Two days after violence erupted on the Georgia Tech campus, Fulton County Magistrate Judge Warren Atkinson faced the three protesters now charged with causing some of the chaos. Vincent Castillenti is charged with aggravated assault and obstruction of a law enforcement officer. He’s accused of hitting a campus police officer over the head with a hammer, an act which prosecutors said was caught on video.
Vincent Castillenti was in no mood to stop and talk as he bonded out of the Fulton County Jail. “F*** you! F*** the media!” shouted Castillenti, 31, as he rushed to get into a friend’s car. He’s one of three people arrested in Monday night’s riot on the campus of Georgia Tech. The violence unfolded after a much larger vigil to remember Scout Schultz, the Georgia Tech student who officials said left three suicide notes in his dorm room before he was shot and killed by a campus police officer.
Three protesters accused in Monday night’s violent riot on the campus of Georgia Tech faced a judge Wednesday for a formal reading of their charges. One of the protesters, identified by the GBI as Andrew Xavier Monden, is a Georgia Tech student. A spokesman for the institute said Monden is registered under the first name Cassandra. Monden faces a felony charge of interference with government property and a misdemeanor charge of inciting a riot.
Muck Rack makes it simple to find people, tweets, or articles that mention any name, keyword, company, hashtag etc. We've compiled this guide to help you make the most of your search.
Selecting a term
Start searching tweets, articles from media outlets, articles mentioned in tweets, journalists'
names, titles and bios with some suggested searches:
Companies or Topics (e.g. iPhone, Microsoft)
Phrases (e.g. "cloud computing") — use quotes to keep the terms together
Twitter handles (e.g. @username) — returns those who have mentioned or replied to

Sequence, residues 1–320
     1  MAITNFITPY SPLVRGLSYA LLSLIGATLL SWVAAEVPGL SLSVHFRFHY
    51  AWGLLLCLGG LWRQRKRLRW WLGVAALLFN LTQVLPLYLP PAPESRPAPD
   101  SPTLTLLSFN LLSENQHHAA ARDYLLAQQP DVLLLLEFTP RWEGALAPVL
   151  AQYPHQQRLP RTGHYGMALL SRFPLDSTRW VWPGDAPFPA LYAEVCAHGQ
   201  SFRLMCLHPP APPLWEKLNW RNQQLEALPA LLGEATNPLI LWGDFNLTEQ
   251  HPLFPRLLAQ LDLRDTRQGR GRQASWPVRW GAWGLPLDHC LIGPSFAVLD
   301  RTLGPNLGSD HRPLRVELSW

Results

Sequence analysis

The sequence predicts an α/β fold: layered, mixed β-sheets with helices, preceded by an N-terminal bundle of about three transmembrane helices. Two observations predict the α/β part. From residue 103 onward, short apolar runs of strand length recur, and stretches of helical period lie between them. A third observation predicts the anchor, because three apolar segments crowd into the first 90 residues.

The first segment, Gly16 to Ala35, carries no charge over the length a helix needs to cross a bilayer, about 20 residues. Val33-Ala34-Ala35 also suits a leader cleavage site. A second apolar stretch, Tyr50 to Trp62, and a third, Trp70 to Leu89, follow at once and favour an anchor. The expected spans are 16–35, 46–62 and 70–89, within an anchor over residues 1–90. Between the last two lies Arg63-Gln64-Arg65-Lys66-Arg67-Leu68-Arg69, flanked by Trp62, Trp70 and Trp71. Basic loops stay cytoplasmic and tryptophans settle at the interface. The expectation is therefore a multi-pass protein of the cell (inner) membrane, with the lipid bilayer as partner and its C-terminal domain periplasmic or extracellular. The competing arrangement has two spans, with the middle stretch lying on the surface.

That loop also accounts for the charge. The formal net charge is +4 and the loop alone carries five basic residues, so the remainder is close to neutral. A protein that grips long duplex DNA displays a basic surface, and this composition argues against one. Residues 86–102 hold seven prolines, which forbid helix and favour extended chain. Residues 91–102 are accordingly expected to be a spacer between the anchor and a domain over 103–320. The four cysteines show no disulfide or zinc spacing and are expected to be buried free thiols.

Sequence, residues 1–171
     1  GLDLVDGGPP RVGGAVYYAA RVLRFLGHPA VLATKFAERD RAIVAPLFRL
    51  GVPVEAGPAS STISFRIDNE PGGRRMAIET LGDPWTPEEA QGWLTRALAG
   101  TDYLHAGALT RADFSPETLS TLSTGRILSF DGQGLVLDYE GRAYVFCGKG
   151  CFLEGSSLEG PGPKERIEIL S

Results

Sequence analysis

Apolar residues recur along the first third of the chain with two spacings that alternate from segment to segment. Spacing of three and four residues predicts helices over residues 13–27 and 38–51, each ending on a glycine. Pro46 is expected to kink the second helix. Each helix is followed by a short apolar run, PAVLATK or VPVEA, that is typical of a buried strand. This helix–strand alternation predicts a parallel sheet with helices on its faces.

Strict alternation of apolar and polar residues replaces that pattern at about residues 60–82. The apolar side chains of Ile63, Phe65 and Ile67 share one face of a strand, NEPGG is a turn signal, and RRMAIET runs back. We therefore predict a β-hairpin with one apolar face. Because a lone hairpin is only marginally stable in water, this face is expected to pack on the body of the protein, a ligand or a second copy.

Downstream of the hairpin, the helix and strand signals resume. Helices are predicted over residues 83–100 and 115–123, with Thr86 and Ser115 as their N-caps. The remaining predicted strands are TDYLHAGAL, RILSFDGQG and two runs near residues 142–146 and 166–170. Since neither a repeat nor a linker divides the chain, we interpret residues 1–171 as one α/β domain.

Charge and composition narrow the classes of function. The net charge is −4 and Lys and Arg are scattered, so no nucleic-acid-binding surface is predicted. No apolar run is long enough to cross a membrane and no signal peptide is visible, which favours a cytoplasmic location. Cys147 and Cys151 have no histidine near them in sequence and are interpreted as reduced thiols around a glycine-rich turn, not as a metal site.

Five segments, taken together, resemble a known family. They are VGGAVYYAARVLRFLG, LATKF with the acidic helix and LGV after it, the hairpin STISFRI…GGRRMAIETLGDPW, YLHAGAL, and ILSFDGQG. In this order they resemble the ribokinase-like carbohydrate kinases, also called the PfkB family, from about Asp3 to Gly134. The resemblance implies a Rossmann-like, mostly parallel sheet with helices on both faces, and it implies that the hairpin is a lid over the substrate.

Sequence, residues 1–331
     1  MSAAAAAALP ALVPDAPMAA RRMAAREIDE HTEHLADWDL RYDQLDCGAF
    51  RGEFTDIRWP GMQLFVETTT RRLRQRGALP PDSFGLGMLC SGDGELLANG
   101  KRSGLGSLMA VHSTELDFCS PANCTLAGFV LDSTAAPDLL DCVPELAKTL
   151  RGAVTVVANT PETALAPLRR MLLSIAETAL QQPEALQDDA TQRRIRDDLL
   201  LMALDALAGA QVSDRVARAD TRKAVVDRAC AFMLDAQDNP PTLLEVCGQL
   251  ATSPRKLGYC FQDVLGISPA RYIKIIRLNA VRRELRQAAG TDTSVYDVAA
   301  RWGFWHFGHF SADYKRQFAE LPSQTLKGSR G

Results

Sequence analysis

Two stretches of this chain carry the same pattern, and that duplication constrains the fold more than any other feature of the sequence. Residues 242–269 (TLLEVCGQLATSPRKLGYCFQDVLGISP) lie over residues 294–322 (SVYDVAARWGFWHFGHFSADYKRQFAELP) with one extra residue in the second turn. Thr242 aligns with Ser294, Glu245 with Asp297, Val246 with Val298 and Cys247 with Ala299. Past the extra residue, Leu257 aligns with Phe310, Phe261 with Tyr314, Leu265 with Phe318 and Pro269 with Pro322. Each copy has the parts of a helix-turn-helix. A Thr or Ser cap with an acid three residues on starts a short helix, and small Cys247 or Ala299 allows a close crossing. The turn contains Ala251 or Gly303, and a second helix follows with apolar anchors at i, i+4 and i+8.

Names (e.g. "David Pogue")
Hashtags (e.g. #sxsw, #london2012)
Bio details (e.g. vegan, Olympics, father)
Muck Rack's Advanced Search allows for many boolean operators.
Find results that mention multiple specified terms, use AND or
+. For example, ensure each result contains both Elon Musk and Mark Zuckerberg by
searching Obama AND Romney or Obama + Romney.
Use the operators OR or , to broaden your search when you'd like either of
multiple terms to appear in results. (This is the default behavior of our search when no operators
are used.) For example, search for democrat OR republican to find results that refer to
Democrats and/or Republicans.
Use NOT or - to subtract results from your search. For
example, searching Disney will yield results about the Walt Disney Company as well as Walt Disney
World Resort. To exclude mentions of Disney World, search for Disney -World or Disney
When using one of these operators with a phrase, enclose it in quotation marks. For example, you can
find results about smartphones excluding Apple's iPhone 4S by searching smartphone -"iPhone
Exact case matching or punctuation
If you're searching for a brand name or keyword that relies on specific punctuation marks or capitalization, you can
find results that match your exact query by adding matchcase: before the keyword you're searching for, like matchcase:E*TRADE .
Use parentheses to separate multiple
boolean phrases. For example, to find journalists talking about having fun in Disney World or
Disneyland, search for ("disney world" OR disneyland) AND fun.
An asterisk can be used to search for any variation of a root word truncated by the asterisk. For example, searching for admin* will return results for administrator, administration, administer, administered, etc.
A near operator is an AND operator where you can control the distance between the words. You can vary the distance the near operation uses by adding a forward slash and number (between 0-99) such as strawberries NEAR/10 "whipped cream", which means the strawberries must exist within 10 words of "whipped cream".